The rise of the Zika virus has caused worldwide concern, largely for its potential to cause serious birth defects. With Houston at particularly high risk for transmission of the disease, the Texas Medical Center has awarded Baylor College of Medicine’s Center for Medical Ethics and Health Policy a $168,885 grant to execute its plan to develop practical strategies to encourage effective, evidence-based policymaking to promote public health, focusing specifically on Zika policymaking efforts.
“A critical barrier to the delivery of high-quality care to Zika patients and effective prevention of future cases lies in the lack of coordinated healthcare policies and practice guidelines,” said Dr. Stephanie Morain, assistant professor in the Center for Medical Ethics and Health Policy and principal investigator of the project. “Significant groundwork must be done in order to translate evolving information about the virus into actionable policies at the institutional level, and this is what we are looking to accomplish.”
To secure the TMC grant, Morain and her colleagues laid out a framework to achieve this crucial policymaking, which consists of three key aims.
The first aim in the team’s research plan is the identification and analysis of current and anticipated challenges presented by Zika that could be alleviated through healthcare policies and best practices. To determine these challenges, Morain and colleagues will engage in an in-depth interview process with key members across the TMC with clinical and policy expertise related to the prevention, diagnosis and treatment of Zika and review any existing hospital or associated policies and guidelines related to Zika management. This process will allow the research team to identify the areas most in need of policy development and reform.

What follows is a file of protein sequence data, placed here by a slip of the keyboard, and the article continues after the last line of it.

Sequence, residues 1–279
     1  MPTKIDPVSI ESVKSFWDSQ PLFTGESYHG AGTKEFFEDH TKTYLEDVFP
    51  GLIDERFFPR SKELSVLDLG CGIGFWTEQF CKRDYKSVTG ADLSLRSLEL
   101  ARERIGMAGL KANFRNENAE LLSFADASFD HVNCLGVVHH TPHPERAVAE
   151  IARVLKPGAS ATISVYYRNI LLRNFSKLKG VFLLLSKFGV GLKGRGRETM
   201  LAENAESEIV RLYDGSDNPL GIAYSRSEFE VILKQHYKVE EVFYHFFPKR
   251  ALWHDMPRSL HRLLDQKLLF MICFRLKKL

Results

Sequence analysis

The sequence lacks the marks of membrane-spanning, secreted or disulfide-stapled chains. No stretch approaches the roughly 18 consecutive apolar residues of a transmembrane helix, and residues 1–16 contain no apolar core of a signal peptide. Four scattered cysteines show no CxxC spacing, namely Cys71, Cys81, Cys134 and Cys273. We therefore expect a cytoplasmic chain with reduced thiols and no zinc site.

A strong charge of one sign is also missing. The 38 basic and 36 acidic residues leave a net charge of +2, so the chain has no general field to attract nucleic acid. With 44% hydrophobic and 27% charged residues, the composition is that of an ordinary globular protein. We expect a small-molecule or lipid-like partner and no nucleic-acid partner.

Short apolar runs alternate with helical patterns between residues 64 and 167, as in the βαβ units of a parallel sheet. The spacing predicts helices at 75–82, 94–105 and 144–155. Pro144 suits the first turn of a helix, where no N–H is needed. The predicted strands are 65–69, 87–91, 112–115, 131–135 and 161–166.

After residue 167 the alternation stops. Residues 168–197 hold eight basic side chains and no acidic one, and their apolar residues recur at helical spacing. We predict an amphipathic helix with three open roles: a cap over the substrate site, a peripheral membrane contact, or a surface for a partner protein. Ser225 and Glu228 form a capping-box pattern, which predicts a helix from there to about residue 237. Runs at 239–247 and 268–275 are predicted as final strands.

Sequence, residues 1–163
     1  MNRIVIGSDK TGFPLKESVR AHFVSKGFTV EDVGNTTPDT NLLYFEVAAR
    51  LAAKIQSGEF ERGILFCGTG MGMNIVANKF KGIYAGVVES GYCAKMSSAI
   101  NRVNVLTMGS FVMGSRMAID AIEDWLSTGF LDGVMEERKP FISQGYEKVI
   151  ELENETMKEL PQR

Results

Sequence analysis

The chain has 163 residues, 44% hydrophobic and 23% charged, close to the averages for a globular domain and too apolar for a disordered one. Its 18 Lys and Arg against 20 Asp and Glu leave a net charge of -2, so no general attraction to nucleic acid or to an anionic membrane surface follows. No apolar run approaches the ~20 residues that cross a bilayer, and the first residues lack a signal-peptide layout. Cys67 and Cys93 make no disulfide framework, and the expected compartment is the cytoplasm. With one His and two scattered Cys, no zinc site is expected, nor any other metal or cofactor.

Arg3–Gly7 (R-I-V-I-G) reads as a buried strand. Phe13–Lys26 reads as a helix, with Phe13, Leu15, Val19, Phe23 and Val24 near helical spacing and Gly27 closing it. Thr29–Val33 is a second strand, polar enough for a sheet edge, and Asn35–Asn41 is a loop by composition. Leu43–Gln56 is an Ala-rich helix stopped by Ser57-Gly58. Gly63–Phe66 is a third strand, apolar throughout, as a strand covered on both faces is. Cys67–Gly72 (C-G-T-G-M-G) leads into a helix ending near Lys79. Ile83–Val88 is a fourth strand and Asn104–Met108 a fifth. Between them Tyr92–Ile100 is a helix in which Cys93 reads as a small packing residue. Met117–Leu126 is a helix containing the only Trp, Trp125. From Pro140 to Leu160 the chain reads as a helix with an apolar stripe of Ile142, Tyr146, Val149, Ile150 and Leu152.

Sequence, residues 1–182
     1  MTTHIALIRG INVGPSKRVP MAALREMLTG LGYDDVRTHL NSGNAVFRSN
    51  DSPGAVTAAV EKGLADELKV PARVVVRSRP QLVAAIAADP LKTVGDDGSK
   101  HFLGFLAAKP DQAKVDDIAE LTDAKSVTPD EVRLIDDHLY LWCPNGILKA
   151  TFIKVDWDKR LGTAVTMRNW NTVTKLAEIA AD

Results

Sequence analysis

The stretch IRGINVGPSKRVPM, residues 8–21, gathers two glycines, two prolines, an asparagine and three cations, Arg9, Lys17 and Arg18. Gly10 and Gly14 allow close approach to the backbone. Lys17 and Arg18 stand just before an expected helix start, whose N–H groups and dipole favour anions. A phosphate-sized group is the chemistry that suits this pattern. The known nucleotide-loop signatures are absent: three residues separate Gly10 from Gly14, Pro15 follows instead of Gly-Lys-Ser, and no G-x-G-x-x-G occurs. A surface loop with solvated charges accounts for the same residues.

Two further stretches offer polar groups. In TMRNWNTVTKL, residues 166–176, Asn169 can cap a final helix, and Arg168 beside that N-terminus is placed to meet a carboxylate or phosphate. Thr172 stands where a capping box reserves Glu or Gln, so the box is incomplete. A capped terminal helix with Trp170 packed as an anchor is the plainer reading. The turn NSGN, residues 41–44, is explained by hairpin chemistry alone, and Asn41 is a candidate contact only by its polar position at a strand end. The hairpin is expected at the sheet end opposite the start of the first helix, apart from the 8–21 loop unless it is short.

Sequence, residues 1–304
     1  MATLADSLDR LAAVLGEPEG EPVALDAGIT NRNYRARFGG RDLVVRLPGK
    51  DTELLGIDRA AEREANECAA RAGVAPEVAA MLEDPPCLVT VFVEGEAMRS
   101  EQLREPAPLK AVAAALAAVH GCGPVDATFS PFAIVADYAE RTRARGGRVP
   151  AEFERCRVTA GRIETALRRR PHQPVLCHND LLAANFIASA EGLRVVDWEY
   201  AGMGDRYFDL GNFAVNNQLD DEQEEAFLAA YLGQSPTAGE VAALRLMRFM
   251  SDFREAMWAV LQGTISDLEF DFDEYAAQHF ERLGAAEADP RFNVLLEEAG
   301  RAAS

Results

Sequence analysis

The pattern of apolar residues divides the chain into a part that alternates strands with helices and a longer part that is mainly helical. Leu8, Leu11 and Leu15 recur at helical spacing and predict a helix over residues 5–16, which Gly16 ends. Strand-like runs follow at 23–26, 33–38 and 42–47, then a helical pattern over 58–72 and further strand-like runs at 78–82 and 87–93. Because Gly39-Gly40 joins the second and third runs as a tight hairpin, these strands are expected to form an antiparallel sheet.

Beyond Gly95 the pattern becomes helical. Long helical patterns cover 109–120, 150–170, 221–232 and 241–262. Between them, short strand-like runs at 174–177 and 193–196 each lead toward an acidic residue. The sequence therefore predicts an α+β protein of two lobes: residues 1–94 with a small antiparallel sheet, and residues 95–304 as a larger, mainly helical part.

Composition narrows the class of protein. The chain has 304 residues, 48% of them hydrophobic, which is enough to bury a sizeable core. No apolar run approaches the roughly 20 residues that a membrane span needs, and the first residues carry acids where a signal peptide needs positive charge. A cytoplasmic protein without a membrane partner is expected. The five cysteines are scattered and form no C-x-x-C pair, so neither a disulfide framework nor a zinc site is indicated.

The second key research aim is the assessment of knowledge, concerns and psychological needs of pregnant women and their partners as they relate to the Zika virus. By conducting focus groups with pregnant women and their partners, the team will gain an understanding of the informational needs, healthcare concerns and discrepancies in psychological support associated with Zika during pregnancy.
The third and final research aim is the development of a policy toolkit to encourage hospital systems to establish evidence-based, ethically appropriate policy addressing the Zika virus. Working with an advisory committee made up of leadership from various TMC institutions, Morain and her colleagues will propose policy and best practices to support effective Zika prevention and management.
“This study has the potential to be so impactful because it looks at Zika-related healthcare policies and practices empirically and addresses the need to identify these policies in order to support an effective Zika response, which can enhance the ability of healthcare systems to care for patients affected by Zika and potentially prevent future cases,” Morain said.
The completion of the three research aims will result in a practical model to encourage evidence-based, ethical policymaking that can be replicated in other healthcare settings to address concerns such as referrals and screenings for the tracking and clinical management of infants with Zika and knowledge gaps and psycho-social needs of women dealing with the virus.
The resulting toolkit and policies will be disseminated throughout the TMC, as well as through partners at the University of Miami, another at-risk community.
Other collaborators on this research include CHI St. Luke’s Health, Harris Health System, Harris County Public Health and Environmental Services, Houston Methodist System, Memorial Hermann Hospital, Texas Children’s Hospital and UT Health.